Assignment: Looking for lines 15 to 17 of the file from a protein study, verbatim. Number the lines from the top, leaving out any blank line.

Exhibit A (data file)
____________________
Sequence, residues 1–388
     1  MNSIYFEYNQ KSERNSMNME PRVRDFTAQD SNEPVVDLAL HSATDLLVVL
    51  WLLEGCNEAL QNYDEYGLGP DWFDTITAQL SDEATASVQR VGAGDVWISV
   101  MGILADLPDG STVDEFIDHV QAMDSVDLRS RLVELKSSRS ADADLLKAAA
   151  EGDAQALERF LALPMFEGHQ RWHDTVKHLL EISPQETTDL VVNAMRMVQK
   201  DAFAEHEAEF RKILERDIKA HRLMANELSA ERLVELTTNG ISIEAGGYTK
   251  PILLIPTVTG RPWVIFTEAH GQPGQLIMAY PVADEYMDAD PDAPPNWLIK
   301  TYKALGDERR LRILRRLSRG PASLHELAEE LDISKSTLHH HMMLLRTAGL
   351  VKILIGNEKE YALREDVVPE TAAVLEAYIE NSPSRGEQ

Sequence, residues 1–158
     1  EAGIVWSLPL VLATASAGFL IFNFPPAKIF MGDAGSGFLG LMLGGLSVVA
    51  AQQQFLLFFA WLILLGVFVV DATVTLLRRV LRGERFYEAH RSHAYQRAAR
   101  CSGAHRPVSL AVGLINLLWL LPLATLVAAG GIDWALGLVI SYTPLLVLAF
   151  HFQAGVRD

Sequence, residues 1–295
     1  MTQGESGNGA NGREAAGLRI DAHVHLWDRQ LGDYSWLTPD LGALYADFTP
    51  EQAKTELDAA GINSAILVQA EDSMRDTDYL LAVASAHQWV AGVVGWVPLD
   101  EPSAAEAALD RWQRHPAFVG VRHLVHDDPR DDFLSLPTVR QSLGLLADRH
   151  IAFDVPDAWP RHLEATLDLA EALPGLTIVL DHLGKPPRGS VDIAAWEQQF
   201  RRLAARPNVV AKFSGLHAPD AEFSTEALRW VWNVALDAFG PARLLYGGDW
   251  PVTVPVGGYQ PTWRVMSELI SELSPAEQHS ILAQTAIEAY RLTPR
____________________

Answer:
Sequence, residues 1–295
     1  MTQGESGNGA NGREAAGLRI DAHVHLWDRQ LGDYSWLTPD LGALYADFTP
    51  EQAKTELDAA GINSAILVQA EDSMRDTDYL LAVASAHQWV AGVVGWVPLD